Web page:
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Mnangagwa's govt to investigate the latest spate of basic commodity price hikes

by Staff reporter
10 May 2023 at 00:57hrs | Views
A CABINET committee has been set up to investigate the latest spate of basic commodity price increases as Government moves to ensure corrective measures are taken to protect consumers.

The intervention follows an outcry by consumers who say they are being pushed to the receiving end by a  wave of unjustified price increases that pushed the cost of living up by  11 percent in April, according to ZimStat.

Government has also rebuked some unscrupulous traders, mainly in the informal sector, for demanding payment for goods and services exclusively in foreign currency, a practice that violates the dual currency regulations and is leading to artificial shortages of some items in shops

Cabinet has since appointed Industry and Commerce Minister, Dr Sekai Nzenza; Finance and Economic Development Minister, Professor Mthuli Ncube, and Information Communication Technology, Postal and Courier Services, Dr Jenfan Muswere to lead the committee tasked with addressing the pricing distortions.

Yesterday Dr Nzenza briefed Cabinet on the pricing concerns for basic food supplies, and extensive deliberations were made, said Information, Publicity and Broadcasting Services Minister, Senator Monica Mutsvangwa while briefing the media after the Cabinet meeting in Harare.

She said the committee will make recommendations to Cabinet on action to be taken.

"The nation is being informed that Cabinet is concerned by the spiralling prices of the 14 basic goods, especially bread, flour, cooking oil and mealie-meal.

"The Minister of Industry and Commerce is already engaging the concerned stakeholders including manufacturers, wholesalers, retailers and other associations on the matter," said Minister Mutsvangwa.

"Given the urgency of the matter, Cabinet has set up a Committee to quickly investigate, monitor and make appropriate recommendations to Cabinet with a view to bringing sanity to the situation."

She said Dr Nzenza will soon issue an appropriate statement on the matter.

"Cabinet wishes to assure the nation that corrective measures will be taken in order to protect the transacting public," she said.

Earlier, Dr Nzenza had said the Government was monitoring the pricing situation and assured consumers that corrective measures were being taken to protect consumers. She chided operators who are demanding forex only for frustrating consumers.

"It has come to our attention that some suppliers of basic commodities have been observed demanding payment exclusively in foreign currency for certain basic commodities in violation of the dual currency pricing system adopted by the Government," she said.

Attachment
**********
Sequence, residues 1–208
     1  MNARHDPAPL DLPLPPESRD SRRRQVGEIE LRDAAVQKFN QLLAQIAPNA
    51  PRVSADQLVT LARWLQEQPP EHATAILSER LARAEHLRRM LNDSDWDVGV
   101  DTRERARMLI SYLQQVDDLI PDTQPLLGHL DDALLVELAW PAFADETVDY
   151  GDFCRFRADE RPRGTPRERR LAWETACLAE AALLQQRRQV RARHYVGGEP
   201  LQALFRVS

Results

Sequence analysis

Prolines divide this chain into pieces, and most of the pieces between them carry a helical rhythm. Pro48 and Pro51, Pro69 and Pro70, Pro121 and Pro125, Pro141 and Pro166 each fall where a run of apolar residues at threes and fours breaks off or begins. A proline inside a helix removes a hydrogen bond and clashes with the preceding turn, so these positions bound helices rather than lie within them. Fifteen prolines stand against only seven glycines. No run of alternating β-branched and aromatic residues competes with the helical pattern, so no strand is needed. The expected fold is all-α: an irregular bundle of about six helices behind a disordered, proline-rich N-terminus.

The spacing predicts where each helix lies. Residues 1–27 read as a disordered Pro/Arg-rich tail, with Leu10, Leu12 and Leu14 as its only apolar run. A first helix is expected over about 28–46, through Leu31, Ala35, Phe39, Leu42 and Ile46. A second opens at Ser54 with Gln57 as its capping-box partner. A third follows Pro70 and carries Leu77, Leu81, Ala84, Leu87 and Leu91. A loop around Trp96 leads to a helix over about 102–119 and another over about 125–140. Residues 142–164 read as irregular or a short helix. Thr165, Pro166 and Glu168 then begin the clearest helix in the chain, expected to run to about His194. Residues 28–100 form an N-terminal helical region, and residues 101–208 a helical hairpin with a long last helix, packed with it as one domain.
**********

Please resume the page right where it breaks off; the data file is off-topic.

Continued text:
"Furthermore, a few manufacturers of basic goods have been observed selling goods that are below the prescribed weight and volume and corrective action will always be taken to protect consumers."

Government is on record calling upon producers and traders to embrace fair business practices and treat their customers with dignity in line with the provisions of the Consumer Protection Act.

As such, Dr Nzenza said the ministry has held frank and fruitful engagements with manufacturers, suppliers, and retailers of basic commodities over the past week in a bid to find a lasting solution to the observed matter.

She said all stakeholders concerned are being engaged and are committed to finding a lasting solution to this situation.

"The ministry, in liaison with relevant arms of Government, continues to advocate for the availability of foreign currency to productive sectors of the economy and to achieve macro-economic stability. We also assure the private sector that issues brought forward in our engagements are being attended to for the benefit of the consumers," said Dr Nzenza.

Contacted for comment, Zimbabwe National Chamber of Commerce (ZNCC) president Mr Mike Kamungeremu said the shortage of foreign currency on formal platforms was forcing businesses to raise their own through sales so as to keep their businesses running.

"The response that I am getting on the USD issue is that they are not getting enough foreign currency from the bank and they are now trying to use their products to generate the forex that they need to import raw materials and settle local bills that need to be settled exclusively in USD for example fuel purchases and electricity," he said.

Confederation of Zimbabwe Retailers president Mr Denford Mutashu has said the increasing dollarisation of the economy has created a dilemma for traders who are now forced to pay for goods upfront in United States dollars, thereby frustrating demand for local currency usage, amid concerns over the recent weakening of the local dollar, especially on the parallel market.

Source - The Chronicle